Photographers' Blog

Welcome to Chiberia

Chicago, Illinois

By Jim Young

It was dubbed “Chiberia” here in Chicago: record low temperatures with a wind chill in the -40 Celsius range (-40 Fahrenheit).

I knew it was coming. I had been dodging the bullet for two winters in Chicago and eventually “real cold” had to arrive here sooner or later. I had survived 30+ years of Canadian winters and lived through a -50C (-58F) wind chill in Ottawa, but I have had two of the nicest winters in my life in the Windy City. In February 2012 it was 80F and I was walking around in flip flops, but certainly not this week.

It started at sunrise on Monday morning. While driving along Lake Michigan to downtown I could see a “fog-like” haze over the water – it was arctic sea smoke caused by bitter cold air moving over the warm lake water. I parked down by the beach. It was a beautiful sunny morning and a balmy -42F. The biggest problem I had was with my fingers. Working with cameras even while wearing the warmest gloves is a challenge. I would take them off for just a few seconds but it would get incredibly painful, like needles stabbing into your hands. It would take 10 to 15 minutes back in the gloves just to get the pain to subside. I remembered hearing on the radio the early warning signs of hypothermia such as shallow breathing, drowsiness, shaking and stumbling…check, check, and check. The batteries in my cameras died so I tried to shoot an Instagram, but even though my iPhone was inside several layers of clothing, it was frozen like a brick and wouldn’t even boot up.

Not surprisingly, there weren’t many people out on the streets. I found places that could potentially make a photo but would wait 20 to 30 minutes for the right moment to happen or just someone to come along, and with these frigid temperatures, playing the waiting game was very difficult.

Gallery: Deep freeze

The next morning, I started the day dealing with a water leak in my house from the brutally cold overnight. Even though Tuesday provided some relief, it was still quite cold. But I found it to be actually quite tolerable. Occasionally working without gloves and an open jacket, I went to another spot along the lake to finally find people out enjoying the snow and ice.

20 years covering conflict: Goran Tomasevic

As in the ruins of Beirut, Sarajevo or Stalingrad, the conflict in Syria is a sniper’s war. Men stalk their fellow man down telescopic sights on suburban streets, hunting a glimpse of flesh, an eyeball peering from a crack, using decoys to draw their prey into giving themselves away.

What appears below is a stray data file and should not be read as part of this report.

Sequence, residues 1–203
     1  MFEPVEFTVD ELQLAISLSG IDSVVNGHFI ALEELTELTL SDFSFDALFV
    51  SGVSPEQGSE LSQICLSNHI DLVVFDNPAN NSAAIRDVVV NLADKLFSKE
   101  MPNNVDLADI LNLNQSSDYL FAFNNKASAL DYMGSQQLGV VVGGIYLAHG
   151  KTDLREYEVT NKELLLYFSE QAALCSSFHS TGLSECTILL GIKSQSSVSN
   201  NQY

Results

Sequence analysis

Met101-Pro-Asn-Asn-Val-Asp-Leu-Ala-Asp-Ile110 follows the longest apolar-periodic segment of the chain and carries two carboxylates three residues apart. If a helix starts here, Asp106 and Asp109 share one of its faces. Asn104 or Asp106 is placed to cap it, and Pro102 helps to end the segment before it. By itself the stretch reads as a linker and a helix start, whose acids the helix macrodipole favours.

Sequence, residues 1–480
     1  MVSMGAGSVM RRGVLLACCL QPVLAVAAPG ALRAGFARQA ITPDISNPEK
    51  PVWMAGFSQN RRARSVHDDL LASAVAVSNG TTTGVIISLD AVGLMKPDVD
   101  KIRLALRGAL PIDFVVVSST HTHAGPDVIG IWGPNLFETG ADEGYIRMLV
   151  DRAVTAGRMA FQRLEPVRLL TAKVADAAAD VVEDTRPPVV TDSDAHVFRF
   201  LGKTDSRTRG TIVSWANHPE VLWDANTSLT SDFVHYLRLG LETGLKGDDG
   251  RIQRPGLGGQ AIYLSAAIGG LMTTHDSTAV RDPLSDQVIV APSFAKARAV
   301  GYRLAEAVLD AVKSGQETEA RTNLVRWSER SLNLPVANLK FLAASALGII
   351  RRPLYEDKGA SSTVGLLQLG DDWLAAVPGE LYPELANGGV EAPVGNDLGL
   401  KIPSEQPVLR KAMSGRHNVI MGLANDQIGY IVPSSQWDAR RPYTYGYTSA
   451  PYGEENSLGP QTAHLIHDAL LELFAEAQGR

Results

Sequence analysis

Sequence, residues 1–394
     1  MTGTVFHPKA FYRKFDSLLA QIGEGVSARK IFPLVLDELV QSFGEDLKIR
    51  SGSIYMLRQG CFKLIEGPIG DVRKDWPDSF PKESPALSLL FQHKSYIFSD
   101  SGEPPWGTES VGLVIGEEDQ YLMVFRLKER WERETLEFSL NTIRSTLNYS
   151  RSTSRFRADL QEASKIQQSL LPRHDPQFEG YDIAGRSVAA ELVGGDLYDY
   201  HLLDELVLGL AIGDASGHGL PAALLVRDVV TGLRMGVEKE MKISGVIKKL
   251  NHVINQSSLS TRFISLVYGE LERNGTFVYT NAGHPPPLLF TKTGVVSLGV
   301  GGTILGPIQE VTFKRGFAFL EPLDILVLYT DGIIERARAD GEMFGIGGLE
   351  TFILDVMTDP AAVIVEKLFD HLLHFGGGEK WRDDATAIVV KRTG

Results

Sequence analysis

During weeks spent tracking the fluid frontline of the battle, veteran war photographer Goran Tomasevic provided daily evidence of an escalating conflict that the UN estimates has killed 100,000 people. Tomasevic photographed with exceptional proximity as combatants mounted complex attacks, managed logistics, treated their wounded, buried their dead – and died before his eyes.

This special package has been sent to coincide with an exhibition of Goran’s award winning work at Visa Pour L’image, the premiere international photojournalism festival. This exhibition was curated by Ayperi Karabuda Ecer.

Living as a Muslim in Paris

Paris, France

By Youssef Boudlal

Photographing the daily life of Muslims in Paris is a challenge. I discovered this by throwing myself into the project, which rapidly became a story of failed encounters, rejection and disappointment. Among the people I met, the fear of prejudice towards the Muslim world was intense, as was the worry that cliches about the community could be fueled or spread by images.

I met a good number of people as part of my investigation. The first few were in the suburbs of Paris, home to a large Muslim community. In Vitry-sur-Seine, I met four twenty-somethings of North African origin sitting outside a church. I explained my project to them and their suspicions were quickly aroused. I was asked about my job, the reasons for my project and why I was interested in them. They worried about how my images would be used. One of them took me for a spy.